Pioglitazone use and risk of bladder cancer in patients with type 2 diabetes: retrospective cohort study using datasets from four European countriesBMJ 2016; 354 doi: https://doi.org/10.1136/bmj.i3903 (Published 16 August 2016) Cite this as: BMJ 2016;354:i3903
- Pasi Korhonen, research director1,
- Edith M Heintjes, scientific research manager2,
- Rachael Williams, senior researcher3,
- Fabian Hoti, head of statistics1,
- Solomon Christopher, statistician1,
- Maila Majak, statistician1,
- Leanne Kool-Houweling, researcher2,
- Helen Strongman, senior researcher3,
- Marie Linder, statistician4,
- Paul Dolin, head of pharmacoepidemiology5,
- Shahram Bahmanyar, associate professor4
- 1EPID Research, FI-02130 Espoo, Finland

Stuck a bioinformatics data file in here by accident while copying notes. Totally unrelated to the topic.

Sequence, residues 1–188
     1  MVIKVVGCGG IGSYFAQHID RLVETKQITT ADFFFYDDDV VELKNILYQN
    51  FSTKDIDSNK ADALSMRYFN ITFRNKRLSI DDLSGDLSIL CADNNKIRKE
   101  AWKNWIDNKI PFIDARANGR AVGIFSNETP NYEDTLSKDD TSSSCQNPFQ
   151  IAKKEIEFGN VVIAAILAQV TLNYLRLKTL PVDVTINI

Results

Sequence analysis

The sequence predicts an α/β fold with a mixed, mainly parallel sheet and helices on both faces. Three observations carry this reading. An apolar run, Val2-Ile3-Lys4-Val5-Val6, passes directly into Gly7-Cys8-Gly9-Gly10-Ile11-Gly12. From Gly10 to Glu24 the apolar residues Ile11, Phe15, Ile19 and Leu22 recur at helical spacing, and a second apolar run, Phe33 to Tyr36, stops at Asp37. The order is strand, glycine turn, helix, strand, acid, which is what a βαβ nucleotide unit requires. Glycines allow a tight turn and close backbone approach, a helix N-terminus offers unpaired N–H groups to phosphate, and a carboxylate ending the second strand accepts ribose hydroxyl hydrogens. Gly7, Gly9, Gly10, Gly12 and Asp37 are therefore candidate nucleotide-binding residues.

- 2PHARMO Institute, Utrecht, Netherlands
- 3Clinical Practice Research Datalink, London, UK
- 4Centre for Pharmacoepidemiology, Karolinska Institute, Stockholm, Sweden
- 5Takeda Development Centre Europe, London , UK
- Correspondence to: P Korhonen
- Accepted 7 July 2016
Objective To evaluate the association between pioglitazone use and bladder cancer risk in patients with type 2 diabetes.
Design Retrospective cohort study using propensity score matched cohorts.
Settings Healthcare databases from Finland, the Netherlands, Sweden, and the United Kingdom. Data comprised country specific datasets of linked records on prescriptions, hospitals, general practitioners, cancer, and deaths.
Participants Patients with type 2 diabetes who initiated pioglitazone (n=56 337) matched with patients with type 2 diabetes in the same country exposed to diabetes drug treatments other than pioglitazone (n=317 109). Two matched cohorts were created, using a 1:1 fixed ratio (nearest match cohort) and a 1:10 variable ratio (multiple match cohort). Patients were matched on treatment history and propensity scores accounting for several variables associated with pioglitazone initiation.